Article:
"Teacher, which commandment in the law is the greatest?"
He said to him, "'You shall love the Lord your God with all your heart, and with all your soul, and with all your mind.' This is the greatest and first commandment. And a second is like it: 'You shall love your neighbor as yourself.' On these two commandments hang all the law and the prophets." (Mt. 22:36-40, NRSV)
This is one of the few places in the gospels where Jesus boils down the Jewish Law and the teachings of the Hebrew prophets in such a succinct fashion; his teachings about the Kingdom of Heaven elsewhere are often done through elliptical parables, or through his miracles of healing, feeding, and casting our demons. But here Jesus is forthrightly prescribing a rule of love to undergird all our decisions and all our behavior. This rule of love is the spirit of the law, rather than the letter of the law. Whenever Jesus is asked about the relationship between what he is teaching and the Hebrew Law, he is clear that what he offers is not in conflict with those ethical understandings. "Do not think," he tells his listeners in Matthew's Sermon on the Mount, "that I have come to abolish the law or the prophets; I have come not to abolish but to fulfill." (Mt. 5:17, NRSV)
But in fulfilling the law, Jesus constantly interprets through the filter of love. When questioned in Mark 10 about divorce, for example (Hebrew men were allowed to routinely put away their wives through a bill of divorcement), Jesus said it was not God's intent that wives be sacrificed on the altar of convenience; what God wanted in this bond of marriage was a lifelong love, and if humans were capable of it, there would be no provision for divorce. In this and in other ethical matters, he typically called people to go beyond the law, to live to a higher standard of righteousness and equity than even the law called for. So it is that we find Jesus arguing that we need to reorient our appetites as well as our actions, to recognize that our wrongfully-directed desires are as dangerous as our putting them into practice.
Augustine, who had much to say about disordered desires, seized on Jesus' teaching of the two-fold commandment as the central tenet of Christian Doctrine, and throughout his writing he repeated it, as here in On Christian Doctrine: "Whoever, therefore, thinks that s/he understands the divine Scriptures or any part of them so that it does not build the double love of God and of our neighbor does not understand it at all."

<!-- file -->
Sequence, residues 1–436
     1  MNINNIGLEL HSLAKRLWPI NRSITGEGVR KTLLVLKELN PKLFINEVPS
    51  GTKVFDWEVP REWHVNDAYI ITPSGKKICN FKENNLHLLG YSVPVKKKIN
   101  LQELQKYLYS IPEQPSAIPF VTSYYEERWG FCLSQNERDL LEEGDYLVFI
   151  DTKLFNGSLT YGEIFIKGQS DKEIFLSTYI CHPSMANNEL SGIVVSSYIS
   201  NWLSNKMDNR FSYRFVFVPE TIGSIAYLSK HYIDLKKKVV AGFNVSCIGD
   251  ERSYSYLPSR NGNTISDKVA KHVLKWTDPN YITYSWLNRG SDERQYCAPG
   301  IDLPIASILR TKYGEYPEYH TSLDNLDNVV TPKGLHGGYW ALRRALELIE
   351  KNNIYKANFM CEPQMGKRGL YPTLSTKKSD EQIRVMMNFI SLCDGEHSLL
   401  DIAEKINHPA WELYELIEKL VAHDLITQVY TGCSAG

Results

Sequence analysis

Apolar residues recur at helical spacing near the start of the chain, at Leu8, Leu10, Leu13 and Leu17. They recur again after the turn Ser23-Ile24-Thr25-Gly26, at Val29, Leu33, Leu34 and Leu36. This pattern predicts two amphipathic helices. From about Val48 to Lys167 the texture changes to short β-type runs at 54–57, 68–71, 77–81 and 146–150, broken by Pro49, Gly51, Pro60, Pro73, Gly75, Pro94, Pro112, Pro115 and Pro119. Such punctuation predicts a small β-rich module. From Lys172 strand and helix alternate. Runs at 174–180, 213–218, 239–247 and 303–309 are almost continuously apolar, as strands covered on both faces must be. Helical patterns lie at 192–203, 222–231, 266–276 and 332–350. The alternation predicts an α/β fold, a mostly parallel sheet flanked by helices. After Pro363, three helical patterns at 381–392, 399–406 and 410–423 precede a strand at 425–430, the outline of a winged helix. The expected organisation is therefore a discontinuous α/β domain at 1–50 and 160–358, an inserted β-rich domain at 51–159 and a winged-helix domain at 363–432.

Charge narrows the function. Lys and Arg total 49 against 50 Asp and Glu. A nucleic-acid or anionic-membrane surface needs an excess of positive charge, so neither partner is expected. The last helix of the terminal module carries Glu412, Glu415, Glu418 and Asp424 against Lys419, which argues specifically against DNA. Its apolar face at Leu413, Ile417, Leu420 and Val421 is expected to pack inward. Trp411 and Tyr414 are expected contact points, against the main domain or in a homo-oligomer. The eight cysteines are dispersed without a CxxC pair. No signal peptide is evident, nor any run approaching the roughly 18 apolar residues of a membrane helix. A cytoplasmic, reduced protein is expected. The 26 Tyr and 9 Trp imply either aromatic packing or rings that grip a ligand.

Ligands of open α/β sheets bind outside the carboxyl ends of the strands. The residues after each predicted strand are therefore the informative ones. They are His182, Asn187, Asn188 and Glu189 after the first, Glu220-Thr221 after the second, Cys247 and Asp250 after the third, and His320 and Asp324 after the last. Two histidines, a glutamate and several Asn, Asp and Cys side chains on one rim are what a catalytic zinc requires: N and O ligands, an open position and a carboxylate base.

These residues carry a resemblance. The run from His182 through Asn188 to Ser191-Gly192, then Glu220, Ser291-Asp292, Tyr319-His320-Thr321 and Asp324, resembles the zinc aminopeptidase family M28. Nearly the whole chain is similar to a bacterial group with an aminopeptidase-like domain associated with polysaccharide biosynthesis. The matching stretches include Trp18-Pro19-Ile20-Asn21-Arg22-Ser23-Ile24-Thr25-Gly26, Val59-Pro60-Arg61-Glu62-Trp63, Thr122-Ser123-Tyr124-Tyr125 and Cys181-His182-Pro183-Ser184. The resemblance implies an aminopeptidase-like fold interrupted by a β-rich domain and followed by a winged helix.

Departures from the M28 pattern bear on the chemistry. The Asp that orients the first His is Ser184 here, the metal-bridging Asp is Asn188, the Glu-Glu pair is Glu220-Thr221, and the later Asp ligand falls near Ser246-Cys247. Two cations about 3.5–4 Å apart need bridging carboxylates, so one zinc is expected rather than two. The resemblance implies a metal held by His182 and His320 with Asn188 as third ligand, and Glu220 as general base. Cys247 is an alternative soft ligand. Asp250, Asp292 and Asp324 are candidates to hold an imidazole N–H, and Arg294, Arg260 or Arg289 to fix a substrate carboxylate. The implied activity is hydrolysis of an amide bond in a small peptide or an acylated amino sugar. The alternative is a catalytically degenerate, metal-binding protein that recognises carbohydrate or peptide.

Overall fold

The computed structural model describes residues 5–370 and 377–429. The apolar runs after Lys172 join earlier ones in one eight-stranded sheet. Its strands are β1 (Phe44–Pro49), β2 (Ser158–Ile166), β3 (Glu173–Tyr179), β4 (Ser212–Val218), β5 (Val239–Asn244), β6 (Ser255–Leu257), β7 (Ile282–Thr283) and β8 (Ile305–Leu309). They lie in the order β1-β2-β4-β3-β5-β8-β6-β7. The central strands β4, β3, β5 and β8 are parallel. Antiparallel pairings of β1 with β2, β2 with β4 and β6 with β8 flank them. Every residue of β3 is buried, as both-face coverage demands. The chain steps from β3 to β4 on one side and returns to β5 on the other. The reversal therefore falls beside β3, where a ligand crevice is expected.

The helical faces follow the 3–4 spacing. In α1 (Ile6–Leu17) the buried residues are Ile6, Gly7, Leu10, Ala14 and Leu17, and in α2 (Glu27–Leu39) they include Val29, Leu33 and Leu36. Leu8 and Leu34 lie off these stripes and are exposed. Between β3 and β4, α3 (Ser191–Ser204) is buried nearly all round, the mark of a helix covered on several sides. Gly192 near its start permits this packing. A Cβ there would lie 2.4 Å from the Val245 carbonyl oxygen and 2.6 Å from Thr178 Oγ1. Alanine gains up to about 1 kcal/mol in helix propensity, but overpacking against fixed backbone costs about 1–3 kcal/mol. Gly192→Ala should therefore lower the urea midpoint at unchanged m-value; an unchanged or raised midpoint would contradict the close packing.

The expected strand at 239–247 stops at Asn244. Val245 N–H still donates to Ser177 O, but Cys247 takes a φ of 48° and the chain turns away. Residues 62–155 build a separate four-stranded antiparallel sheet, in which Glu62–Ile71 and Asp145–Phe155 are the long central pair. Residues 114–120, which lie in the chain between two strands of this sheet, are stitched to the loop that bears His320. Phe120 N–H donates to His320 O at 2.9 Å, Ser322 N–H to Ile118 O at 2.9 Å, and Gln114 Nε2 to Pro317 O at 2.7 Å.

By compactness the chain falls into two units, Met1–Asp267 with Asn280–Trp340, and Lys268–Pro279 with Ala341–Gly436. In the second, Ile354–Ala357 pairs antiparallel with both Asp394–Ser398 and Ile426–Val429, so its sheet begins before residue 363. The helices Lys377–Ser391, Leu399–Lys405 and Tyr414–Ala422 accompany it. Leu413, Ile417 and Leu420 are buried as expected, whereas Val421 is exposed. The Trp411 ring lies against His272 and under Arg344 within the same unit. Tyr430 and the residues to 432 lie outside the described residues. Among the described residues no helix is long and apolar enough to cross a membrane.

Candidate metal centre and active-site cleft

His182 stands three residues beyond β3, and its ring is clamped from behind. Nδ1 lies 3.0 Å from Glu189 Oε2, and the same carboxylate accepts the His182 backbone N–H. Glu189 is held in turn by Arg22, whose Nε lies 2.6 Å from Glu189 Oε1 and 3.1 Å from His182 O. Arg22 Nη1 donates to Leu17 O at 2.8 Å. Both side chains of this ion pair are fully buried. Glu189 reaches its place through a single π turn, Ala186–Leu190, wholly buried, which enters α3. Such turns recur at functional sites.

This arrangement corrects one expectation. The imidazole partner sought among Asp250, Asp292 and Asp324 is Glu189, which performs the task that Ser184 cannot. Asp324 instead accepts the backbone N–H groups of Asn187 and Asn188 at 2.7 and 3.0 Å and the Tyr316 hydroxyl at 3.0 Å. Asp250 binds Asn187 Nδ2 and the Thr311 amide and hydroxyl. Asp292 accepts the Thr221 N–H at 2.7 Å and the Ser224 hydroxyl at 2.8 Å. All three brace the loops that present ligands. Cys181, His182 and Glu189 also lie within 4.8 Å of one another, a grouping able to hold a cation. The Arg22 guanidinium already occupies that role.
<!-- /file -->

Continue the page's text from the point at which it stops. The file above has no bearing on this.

In the years since, this two-fold commandment has been passed on by the Fathers and Mothers of the Church, by Catholics and Protestants. It's been seized on by those like Martin Luther who espoused salvation by grace alone, but recognized the necessity of faithful action: "I will therefore give myself as a sort of Christ, to my neighbour, as Christ has given Himself to me; and will do nothing in this life except what I see will be needful, advantageous, and wholesome for my neighbour, since by faith I abound in all good things in Christ." ("Concerning Christian Liberty")
If love for God and our neighbor represents our highest good, then our desires will be other-oriented rather than self-oriented, and, as Augustine argued, we will best display our love for God through the tangible love and service of our neighbor. Unfortunately, love is not generally our highest good. Too many American Christians identify themselves first as Americans—self-reliant, hard-working individuals who aspire to a secular version of happiness that comes through acquisition and possession—rather than as Christians—other-directed, hard-working members of something larger than themselves who seek the joy and peace that comes from faithful service and love.
CBS News reported that for voters in the just-finished South Carolina primary, even in that conservative and values-voting state, "in 2012, economic concerns trump social and religious factors." At the end of the day, enlightened self-interest still generally determines which candidates and policies we support. If our economic concerns come first, then it becomes much easier to explain why so-called values voters in South Carolina would reject a solid social conservative such as Rick Santorum for Newt Gingrich, a man who hardly seems like the champion of marriage and traditional family values.
The philosopher Thomas Hobbes wrote in Leviathan that human beings are naturally competitive, seeking their own best interests. Augustine argued similarly that given the fallen nature of humankind and our disordered desires, we need government to tell us what to do and how to treat each other. We need an institution that can "over-awe" us (to use Hobbes' phrase) and restrain our selfish impulses. Augustine echoes Hobbes in noting that since "all in the human community are driven by personal passions to pursue their private desires," the basic state of human society is "one of conflict and war where the weak are oppressed by the strong." (City of God, 18.2)